Q10 and its link to health
CoQ10 is a naturally occurring vitamin-like substance that plays a key role in supplying the body with its energy requirements. CoQ10 is required by the body for the normal functioning of all tissues and those with the highest energy requirements (heart and muscles) are particularly reliant on an adequate supply. It is also important as a cell membrane protecting antioxidant. Co-enzyme Q10 is found naturally in all the cells of the human body, where it supports the energy metabolism. We are able to produce this in our liver, and we get a certain amount from the food we eat, or indeed you can take a supplement. As people age, the body's capacity to produce its own CoQ10 is reduced, levels peak in the 20's and gradually decrease from that point onwards. CoQ10 levels are also depleted by intense exercise, statin use or chronic disease hence the rationale for CoQ10 supplementation.
Supported by research
Bio-Quinone Q10 was selected for use by both the KiSel 10 Study and the Q-Symbio Study due to its quality and bioavailability. Pharma Nord launched Bio-Quinone Q10 more than 25 years ago; right from the beginning, they worked hard to develop a formula that could ensure the highest level of bio-availability of the active compound. Today, more than 100 published studies document the superior absorption, safety, and effect.
The importance of bioavailability
Bioavailability is defined as the proportion of an ingested substance that is absorbed from the digestive tract into the bloodstream. For the impact of CoQ10 to be felt, the bio-availability of the supplement is fundamental. To have an impact the coenzyme must be effectively absorbed and used by the body, raising blood Q10 levels to a sufficient level. The only objective measure of bioavailability comes from data obtained in clinical studies of human subjects, as documented in the medical literature. CoQ10 when first supplied is in the form of orange crystals, which cannot be absorbed from the digestive tract. A patented method is then used to disperse the CoQ10 crystals into single molecules, which can then be absorbed. Because CoQ10 is a lipid soluble substance, the crystals are dispersed in a carrier oil, as this aids absorption. However there is a common misconception that mixing CoQ10 with a carrier oil is sufficient to facilitate absorption; as noted above the crystals must first be dispersed, and equally importantly must not reform during the product shelf-life. It should also be noted that CoQ10 in its naturally occurring form cannot be made more water soluble- any structural modification means the molecule is no longer CoQ10.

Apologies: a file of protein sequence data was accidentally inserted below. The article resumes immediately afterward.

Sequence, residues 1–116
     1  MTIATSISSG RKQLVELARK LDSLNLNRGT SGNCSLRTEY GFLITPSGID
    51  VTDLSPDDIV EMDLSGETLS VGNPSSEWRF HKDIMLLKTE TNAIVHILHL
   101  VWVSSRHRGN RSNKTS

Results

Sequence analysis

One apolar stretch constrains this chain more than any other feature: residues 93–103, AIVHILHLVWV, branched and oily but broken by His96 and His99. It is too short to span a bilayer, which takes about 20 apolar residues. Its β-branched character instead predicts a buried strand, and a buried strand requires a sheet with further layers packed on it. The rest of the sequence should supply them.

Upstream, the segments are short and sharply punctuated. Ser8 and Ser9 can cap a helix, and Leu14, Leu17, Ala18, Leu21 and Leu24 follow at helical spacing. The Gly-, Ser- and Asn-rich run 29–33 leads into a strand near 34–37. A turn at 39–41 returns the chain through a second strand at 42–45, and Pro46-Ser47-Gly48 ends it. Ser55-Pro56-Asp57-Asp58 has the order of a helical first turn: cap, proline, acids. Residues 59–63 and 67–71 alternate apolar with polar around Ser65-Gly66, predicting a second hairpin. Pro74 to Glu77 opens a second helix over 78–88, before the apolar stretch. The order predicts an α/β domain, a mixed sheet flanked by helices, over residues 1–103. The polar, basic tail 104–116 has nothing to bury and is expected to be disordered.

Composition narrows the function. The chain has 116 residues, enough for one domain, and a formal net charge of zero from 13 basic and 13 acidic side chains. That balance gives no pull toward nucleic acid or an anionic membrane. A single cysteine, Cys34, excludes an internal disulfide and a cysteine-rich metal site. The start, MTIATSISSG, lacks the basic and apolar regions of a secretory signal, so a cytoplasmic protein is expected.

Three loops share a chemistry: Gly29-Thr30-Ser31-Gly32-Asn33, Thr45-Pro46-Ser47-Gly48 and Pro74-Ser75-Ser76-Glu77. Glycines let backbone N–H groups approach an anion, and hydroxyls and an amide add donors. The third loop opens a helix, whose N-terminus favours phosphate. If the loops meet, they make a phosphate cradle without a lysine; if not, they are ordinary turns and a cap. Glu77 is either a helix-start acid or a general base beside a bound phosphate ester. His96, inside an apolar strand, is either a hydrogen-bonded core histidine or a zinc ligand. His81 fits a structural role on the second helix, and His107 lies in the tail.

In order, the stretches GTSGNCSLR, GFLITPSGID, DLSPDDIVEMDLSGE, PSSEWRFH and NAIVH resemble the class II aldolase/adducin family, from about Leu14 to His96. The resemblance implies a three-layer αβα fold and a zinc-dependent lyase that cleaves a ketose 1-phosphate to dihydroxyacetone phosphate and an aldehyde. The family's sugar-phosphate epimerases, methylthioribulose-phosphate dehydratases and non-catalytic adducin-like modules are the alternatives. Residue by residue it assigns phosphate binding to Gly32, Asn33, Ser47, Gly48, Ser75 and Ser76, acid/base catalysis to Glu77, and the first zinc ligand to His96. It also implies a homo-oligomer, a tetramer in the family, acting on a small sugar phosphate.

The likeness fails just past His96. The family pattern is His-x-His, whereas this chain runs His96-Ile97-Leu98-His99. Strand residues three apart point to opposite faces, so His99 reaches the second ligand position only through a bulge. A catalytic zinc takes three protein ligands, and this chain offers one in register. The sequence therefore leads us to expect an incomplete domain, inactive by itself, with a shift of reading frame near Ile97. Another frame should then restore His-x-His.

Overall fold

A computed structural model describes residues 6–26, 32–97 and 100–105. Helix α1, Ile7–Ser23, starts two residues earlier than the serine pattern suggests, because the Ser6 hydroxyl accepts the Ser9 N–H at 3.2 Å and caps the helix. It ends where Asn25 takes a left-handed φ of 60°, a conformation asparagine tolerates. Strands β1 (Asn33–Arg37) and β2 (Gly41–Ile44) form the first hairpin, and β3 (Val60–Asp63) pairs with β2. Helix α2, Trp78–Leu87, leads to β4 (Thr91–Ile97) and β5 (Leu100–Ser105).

Quality is important
Consumers may not be aware of the research or studies behind Q10 and can easily end up buying inexpensive, low quality Q10 supplements that look perfect but are actually a complete waste of money. In fact, if a manufacturer does not know how to handle the Q10 raw material properly during the manufacturing process, the Q10 will form insoluble lumps (or crystals) that are unable to pass through the intestinal barrier and enter the blood.
Oxidised and reduced forms of CoQ10
CoQ10 occurs in the body in two forms, oxidised (ubiquinone) and reduced (ubiquinol). These forms undergo continual inter-conversion as part of the normal functioning of CoQ10, and neither form is more important than the other. Most people are able to sufficiently absorb CoQ10 in its oxidised (ubiquinone) form, and this is the form on which most randomised controlled clinical trial studies have been based. In this regard, there have been more than 90 clinical trial studies that have used Bio-Quinone CoQ10, confirming the bioavailability, efficacy and safety of this product. Supplementation with the reduced (ubiquinol) form of CoQ10 may be beneficial in people with impaired digestive absorption, for example those with irritable bowel syndrome or the elderly. Relatively few clinical trials have been carried out to date using the ubiquinol form of CoQ10. It should be noted that ubiquinol is extremely sensitive to the effect of air and light. Some products claiming to contain ubiquinol in fact contain ubiquinone – this can be determined by cutting open the capsule; ubiquinol should be white in colour whereas ubiqinone is yellow.
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